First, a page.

Think about the wisest elderly person you know- like your 95-year-old great aunt who seems to have insight on everything in life. Do you think she was just born with that? Of course not. She has acquired her wisdom and insight over the course of a lifetime… a lifetime of change has taught her invaluable lessons. Just talk to her for a few minutes and you’ll easily pick up on all the change she has seen, experienced, and has adapted to. Somewhere along the way she figured out change was a part of life. She could either resist it or simply let it flow. She learned the latter would provide her with much greater benefit.  

In closing, life is going to change, whether we like it or not. While we can’t stop change, we can choose how we respond to it. This depends on one thing- our perspective.  

How we choose to view changes in our life, one hundred percent, affects the way we respond and adapt (or don’t adapt) to it. If we have a mindset of limiting beliefs, fear, worry, and a desire to stay in our comfort zone, then we will consistently struggle. The change won’t go away- we’ll just create a lot of pain and tension around it.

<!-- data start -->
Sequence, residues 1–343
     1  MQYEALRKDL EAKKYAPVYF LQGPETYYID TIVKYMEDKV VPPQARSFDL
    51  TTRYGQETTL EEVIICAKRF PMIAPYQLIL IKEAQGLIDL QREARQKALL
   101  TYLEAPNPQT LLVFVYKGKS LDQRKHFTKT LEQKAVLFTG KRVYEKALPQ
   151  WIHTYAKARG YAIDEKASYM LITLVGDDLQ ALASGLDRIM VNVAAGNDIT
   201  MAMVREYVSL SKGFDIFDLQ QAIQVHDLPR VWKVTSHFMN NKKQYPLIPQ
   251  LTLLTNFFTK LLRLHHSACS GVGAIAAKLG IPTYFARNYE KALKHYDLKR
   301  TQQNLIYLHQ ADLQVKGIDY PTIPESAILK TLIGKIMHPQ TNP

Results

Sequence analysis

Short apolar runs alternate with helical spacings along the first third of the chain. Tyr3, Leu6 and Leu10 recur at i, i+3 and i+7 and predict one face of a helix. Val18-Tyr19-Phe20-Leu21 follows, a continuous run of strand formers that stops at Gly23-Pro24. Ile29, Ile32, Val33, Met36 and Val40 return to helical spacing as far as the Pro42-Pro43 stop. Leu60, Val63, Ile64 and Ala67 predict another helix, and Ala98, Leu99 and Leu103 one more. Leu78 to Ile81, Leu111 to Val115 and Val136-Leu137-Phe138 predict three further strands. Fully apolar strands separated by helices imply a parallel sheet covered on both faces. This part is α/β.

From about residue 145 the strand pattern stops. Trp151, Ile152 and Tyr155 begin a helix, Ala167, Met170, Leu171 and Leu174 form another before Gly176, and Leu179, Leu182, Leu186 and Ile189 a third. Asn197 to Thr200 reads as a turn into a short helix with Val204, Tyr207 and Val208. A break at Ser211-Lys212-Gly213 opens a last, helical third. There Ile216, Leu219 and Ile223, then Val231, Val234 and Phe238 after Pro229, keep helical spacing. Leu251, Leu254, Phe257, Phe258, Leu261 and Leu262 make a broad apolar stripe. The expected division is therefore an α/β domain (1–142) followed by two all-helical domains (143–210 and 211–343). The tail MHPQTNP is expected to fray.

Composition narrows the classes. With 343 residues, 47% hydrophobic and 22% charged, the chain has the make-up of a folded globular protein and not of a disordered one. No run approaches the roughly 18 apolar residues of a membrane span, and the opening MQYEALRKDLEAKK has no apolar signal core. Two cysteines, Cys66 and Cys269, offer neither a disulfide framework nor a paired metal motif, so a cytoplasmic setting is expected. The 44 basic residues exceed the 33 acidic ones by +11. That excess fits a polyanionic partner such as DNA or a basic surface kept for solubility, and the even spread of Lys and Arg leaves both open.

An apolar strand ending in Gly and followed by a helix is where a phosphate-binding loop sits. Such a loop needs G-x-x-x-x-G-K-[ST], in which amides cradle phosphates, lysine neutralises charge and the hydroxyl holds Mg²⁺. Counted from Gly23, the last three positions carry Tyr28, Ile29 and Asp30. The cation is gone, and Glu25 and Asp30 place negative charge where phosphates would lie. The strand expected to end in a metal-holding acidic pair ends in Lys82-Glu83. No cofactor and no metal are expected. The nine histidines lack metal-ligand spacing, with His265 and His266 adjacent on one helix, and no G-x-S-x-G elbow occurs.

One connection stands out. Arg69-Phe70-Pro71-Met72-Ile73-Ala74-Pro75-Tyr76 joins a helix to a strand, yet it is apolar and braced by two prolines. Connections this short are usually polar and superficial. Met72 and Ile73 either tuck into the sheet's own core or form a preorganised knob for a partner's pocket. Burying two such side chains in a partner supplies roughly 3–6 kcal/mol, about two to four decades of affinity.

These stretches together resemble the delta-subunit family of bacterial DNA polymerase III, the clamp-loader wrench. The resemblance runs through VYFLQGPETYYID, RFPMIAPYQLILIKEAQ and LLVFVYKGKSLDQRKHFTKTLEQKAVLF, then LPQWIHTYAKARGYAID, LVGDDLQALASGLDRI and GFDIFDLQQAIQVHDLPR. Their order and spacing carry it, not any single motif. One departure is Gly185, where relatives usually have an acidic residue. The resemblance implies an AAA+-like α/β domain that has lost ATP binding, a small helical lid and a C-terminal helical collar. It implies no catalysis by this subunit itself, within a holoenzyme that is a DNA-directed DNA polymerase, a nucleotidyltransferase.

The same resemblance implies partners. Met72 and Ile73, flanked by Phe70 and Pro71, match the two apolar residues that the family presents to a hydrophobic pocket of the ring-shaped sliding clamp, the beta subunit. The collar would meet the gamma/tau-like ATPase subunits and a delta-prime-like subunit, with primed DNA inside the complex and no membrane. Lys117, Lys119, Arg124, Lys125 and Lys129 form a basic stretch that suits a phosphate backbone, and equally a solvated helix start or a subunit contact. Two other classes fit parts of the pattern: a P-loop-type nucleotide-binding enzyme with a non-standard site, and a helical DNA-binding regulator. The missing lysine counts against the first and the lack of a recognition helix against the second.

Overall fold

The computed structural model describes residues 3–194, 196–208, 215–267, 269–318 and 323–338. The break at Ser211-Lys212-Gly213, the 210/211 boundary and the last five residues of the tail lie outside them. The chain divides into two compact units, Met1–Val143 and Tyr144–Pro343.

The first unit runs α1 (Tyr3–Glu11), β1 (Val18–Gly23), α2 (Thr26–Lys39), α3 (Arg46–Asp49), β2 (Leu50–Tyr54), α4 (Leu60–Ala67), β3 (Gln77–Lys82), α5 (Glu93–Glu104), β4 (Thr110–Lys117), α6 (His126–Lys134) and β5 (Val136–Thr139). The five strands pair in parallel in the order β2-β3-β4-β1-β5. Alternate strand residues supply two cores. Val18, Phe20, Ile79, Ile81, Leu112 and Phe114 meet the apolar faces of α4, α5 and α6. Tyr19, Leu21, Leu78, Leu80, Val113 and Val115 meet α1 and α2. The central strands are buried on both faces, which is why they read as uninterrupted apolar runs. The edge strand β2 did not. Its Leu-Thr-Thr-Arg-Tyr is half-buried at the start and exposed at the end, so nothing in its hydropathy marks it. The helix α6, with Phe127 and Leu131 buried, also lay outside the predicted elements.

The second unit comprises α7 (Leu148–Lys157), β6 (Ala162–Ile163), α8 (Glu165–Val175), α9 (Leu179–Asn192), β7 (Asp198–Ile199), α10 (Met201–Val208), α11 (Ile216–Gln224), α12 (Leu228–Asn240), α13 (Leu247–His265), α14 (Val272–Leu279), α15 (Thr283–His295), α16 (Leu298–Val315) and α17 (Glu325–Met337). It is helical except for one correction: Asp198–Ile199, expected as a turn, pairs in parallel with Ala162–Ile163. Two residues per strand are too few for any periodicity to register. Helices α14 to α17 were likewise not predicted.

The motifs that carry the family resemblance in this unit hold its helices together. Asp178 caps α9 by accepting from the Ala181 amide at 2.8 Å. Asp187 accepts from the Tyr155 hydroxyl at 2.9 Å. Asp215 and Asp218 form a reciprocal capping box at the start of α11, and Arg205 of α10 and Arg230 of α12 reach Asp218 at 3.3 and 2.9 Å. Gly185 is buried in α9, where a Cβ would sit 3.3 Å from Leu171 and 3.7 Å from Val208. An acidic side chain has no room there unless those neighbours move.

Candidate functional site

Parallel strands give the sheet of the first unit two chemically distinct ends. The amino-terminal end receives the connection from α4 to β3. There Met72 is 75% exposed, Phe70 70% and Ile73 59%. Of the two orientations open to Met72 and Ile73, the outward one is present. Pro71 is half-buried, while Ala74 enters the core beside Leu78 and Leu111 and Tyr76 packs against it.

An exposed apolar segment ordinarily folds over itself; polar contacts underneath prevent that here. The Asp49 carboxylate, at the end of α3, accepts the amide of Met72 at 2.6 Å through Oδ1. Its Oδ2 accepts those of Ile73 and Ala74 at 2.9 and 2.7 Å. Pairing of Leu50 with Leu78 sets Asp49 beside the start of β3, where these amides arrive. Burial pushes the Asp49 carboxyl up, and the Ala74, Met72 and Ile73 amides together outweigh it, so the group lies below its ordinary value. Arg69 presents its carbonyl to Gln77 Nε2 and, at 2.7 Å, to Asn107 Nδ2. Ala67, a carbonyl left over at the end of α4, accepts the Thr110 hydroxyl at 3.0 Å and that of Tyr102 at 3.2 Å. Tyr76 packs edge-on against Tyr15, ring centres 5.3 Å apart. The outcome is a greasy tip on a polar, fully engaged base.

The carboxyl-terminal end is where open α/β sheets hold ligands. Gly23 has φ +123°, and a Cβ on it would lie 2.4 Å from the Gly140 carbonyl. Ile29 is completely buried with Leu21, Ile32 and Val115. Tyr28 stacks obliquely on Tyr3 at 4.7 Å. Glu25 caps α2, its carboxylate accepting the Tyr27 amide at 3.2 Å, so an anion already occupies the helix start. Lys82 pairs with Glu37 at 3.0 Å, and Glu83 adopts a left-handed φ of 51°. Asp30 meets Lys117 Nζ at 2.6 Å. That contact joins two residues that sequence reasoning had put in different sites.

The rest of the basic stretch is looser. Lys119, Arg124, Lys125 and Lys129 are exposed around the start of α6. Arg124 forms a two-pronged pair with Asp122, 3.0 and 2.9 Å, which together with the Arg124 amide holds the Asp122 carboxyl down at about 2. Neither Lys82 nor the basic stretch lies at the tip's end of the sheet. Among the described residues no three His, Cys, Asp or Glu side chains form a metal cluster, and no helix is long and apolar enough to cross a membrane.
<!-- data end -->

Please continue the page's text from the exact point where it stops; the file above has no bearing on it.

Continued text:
On the contrary, if we view every change as an opportunity to learn a great lesson and acquire wisdom and new knowledge, then we will flourish and thrive. We may still face challenges with this perspective, because again change is often arduous, but we will ultimately win and benefit. We will eventually become our 95-year-old, wise great aunt. I don’t know about you, but she is who I want to be. So, every time I want to resist my kids evolving and becoming more self-sufficient, or a season of life is coming to an end, I’ll remind myself…this is how it’s supposed to be. Don’t resist it. Let it flow, naturally forward. Create yourself, endlessly, in a beautiful, adaptable way.  

Change is good.  

Change is necessary.  

Change is part of this human experience.

Mom Lessons...A Glimpse of What I've Learned Along the Way